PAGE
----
Experiences from the first few months living in Switzerland.
I've always loved Halloween, especially when I was asked to assemble my haunted house for the neighbourhood school and festivals held in Toronto's Beaches area. I would begin in September, preparing the seven foot tall wooden wall segments for the maze I would build for frightened people to claw at while trying to flee. I'd oil up my chainsaw, fill the fog machines with fluid, spread my professional collection of severed rubber heads, limbs, and rotting torsos around, spray blood and guts all over the corridors of the haunted house, and adjust the strobe, making it flash fast enough to make my customers feel disorientated and ill. I was in my glory! The day of the festivals, I would wake at 5am and power up the PA system to blast the recorded sounds of horror and the moist howls of the undead. I would prepare myself mentally by paying blind satanists to shave my entire body with the filed edges of human skull bone fragments, while I slowly sucked the thick juices and maggots out from week-old raccoon roadkill. I then submerged my defiled self into a hot cauldron of my own boiling fecal matter and nose hair trimmings! Well, not quite… I would have a herb and garlic cream cheese bagel and a hazelnut-flavoured decaffeinated coffee while pondering deep thoughts of floral wallpaper and the lovely teal blue Tea cozy I'd been recently hand-knitting.
Anyway, I practiced for hours swinging the 26-inch chainsaw around my head, frequently peering into the full-length mirror to see if I looked cool and if my love-handles showed too much through my rubber corpse costume. Vision from the executioners hood stretched over my head was limited to a few degrees beyond straight ahead, and became even worse while fog and strobes throbbed through the darkness. I knew the maze quite well and could stumble through it quickly while pursuing crying and screaming children, the smoke-spewing chainsaw roaring and swiping inches behind their heads. The nasty terror sounds pumping from the loudspeakers drowned out the rumble of the idling saw while I waited on the other side of a closed blood-caked door. Women carrying their terrified young children shuffled up to the dark entrance, reaching out to the handle... and suddenly I would squeeze the chainsaw back to life and slam my heavy boot into the middle of the door, ripping it open to the cries of women and children running away, desperate for the exit and safety of the outside world. Scraping the roaring blade down the narrow walls, I would chase them for a few moments, taunting them with my bloodied forestry tool! Oh, the rapture and euphoria that surged through me when I contemplated the important contribution to the psychological molding of the young minds I was creepifying. I walked away from my haunted house feeling fulfilled and proud of my accomplishments – I had scared the hell out of many people and made grown women pee their pants.
In Switzerland, Sandra introduced me to Fasnacht, a heavily-costumed week-long party held every year to banish old man winter. It was not a typical Halloween scary costume gathering, but a massive twenty-four hour drink-a-thon which easily rivaled any drunk I've ever been involved in. Fasnacht kicked off at 5am on Schmudo (Carnival Thursday) with heavy drinking before most people were awake, including me and Sandra. That evening we dressed in our karneval garb – Sandra in her homemade Japanese girl outfit and me in my quickly assembled Swiss Forest Ranger ensemble, grabbed from her parents closet. It wasn't a costume, but it worked as a last-minute costume substitute. We then took the bus and entered the realm of Fasnacht. These Swiss folk knew how to celebrate nothing – the many drinking tents we entered never shut down, and the revellers never seemed to tire the whole week of nonstop alcohol inhalation. The costumes were extravagant and flamboyant, with fluorescent fabrics and airbrushed faces on ninety-nine percent of the assembled masses. The drinking never ceased even after unconsciousness – the diligent server would just place the fresh beverage beside the comatose head of the over-indulger. Everyone was holding each other up – or rather, there were so many people in each drinking tent that you could sleep standing up while wedged within the tight crowds. Perseverance, agility and extreme thirst were the requirements to navigate and tolerate the path needed to reach the bartenders behind the bar. Just as we returned from the bar with the drink in our hands, we realized half the beverage had been spilled and absorbed by the fabrics of the costumes we had climbed through. Then a wet teabag that released itself from the ceiling of the tent would smack us in the head – it seemed there was a contest of some sort, in which the teetering drunks pulled the teabag from their traditional schnapps drink and slung them above their heads, trying to make them stick. And looking up, proved many were successful, as the hanging strings of hundreds of teabags swayed to the pumping music.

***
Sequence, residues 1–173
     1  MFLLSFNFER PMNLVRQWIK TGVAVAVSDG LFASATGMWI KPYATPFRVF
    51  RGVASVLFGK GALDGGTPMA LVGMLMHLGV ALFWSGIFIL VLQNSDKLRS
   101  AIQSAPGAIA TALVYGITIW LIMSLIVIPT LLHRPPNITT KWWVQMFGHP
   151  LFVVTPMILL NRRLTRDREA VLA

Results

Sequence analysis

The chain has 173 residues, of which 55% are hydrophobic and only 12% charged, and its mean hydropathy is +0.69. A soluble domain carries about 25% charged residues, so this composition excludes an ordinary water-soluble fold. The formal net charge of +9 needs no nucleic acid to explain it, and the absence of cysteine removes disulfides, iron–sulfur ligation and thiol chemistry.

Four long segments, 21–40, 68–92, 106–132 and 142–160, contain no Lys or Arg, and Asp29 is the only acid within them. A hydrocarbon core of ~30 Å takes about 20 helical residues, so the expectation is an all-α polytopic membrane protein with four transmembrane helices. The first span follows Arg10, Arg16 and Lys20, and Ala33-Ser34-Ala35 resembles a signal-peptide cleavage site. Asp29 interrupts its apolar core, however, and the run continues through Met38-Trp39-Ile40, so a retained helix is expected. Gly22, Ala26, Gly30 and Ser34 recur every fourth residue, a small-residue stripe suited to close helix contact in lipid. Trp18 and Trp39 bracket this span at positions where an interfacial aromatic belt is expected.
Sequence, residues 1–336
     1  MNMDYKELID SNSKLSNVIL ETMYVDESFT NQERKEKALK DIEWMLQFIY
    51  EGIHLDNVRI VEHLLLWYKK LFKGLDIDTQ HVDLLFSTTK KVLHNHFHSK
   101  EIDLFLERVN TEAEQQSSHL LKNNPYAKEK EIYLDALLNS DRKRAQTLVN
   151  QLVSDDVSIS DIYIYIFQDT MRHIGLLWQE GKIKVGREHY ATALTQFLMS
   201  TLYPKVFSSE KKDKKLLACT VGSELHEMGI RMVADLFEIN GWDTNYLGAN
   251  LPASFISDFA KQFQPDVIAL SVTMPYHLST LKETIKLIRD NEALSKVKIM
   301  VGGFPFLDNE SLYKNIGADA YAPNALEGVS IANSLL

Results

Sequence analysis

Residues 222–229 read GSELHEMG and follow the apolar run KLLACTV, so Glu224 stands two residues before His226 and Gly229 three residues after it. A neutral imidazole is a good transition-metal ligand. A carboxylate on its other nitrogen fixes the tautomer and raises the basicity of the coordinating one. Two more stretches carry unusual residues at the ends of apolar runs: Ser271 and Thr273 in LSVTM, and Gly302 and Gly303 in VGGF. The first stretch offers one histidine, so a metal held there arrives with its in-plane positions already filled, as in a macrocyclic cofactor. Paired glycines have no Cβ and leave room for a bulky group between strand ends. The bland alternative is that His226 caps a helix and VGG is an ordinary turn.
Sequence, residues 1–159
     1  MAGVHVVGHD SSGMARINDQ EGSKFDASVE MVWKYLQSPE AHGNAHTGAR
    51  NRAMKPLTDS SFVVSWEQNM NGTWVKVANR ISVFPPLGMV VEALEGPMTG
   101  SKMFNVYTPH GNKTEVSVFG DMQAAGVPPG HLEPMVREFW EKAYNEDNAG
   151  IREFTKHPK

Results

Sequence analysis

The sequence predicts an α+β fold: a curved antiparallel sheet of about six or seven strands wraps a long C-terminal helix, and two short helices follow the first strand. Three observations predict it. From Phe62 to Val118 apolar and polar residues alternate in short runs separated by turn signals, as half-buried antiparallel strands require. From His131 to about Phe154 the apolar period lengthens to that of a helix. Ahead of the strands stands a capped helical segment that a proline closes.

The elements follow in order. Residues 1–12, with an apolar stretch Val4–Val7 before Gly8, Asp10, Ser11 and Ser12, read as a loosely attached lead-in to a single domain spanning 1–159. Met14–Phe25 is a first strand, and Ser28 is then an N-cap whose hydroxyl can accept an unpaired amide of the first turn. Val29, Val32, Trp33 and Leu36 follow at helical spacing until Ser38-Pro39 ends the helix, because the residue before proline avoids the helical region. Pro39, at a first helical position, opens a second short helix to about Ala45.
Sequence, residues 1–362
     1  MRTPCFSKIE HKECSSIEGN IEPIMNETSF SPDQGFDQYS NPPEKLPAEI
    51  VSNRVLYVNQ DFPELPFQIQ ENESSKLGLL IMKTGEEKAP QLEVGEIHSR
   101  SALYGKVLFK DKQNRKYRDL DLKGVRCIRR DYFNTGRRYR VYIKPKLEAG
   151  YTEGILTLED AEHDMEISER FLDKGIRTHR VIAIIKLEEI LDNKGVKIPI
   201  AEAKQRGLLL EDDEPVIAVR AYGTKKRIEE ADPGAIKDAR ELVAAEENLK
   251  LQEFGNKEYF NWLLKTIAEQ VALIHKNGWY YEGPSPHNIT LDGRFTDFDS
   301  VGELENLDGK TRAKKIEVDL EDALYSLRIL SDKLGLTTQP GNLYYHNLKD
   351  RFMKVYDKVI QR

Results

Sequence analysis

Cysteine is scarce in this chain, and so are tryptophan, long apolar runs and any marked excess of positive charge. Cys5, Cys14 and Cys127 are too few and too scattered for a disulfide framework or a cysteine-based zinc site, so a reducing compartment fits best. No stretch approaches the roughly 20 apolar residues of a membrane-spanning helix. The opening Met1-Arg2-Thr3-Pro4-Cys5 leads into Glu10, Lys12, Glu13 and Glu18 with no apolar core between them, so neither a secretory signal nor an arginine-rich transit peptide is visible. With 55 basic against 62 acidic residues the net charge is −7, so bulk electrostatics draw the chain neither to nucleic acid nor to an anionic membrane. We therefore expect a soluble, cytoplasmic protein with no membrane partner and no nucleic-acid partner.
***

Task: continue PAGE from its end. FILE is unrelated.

Who wouldn't love it here?!? I think I'll stay.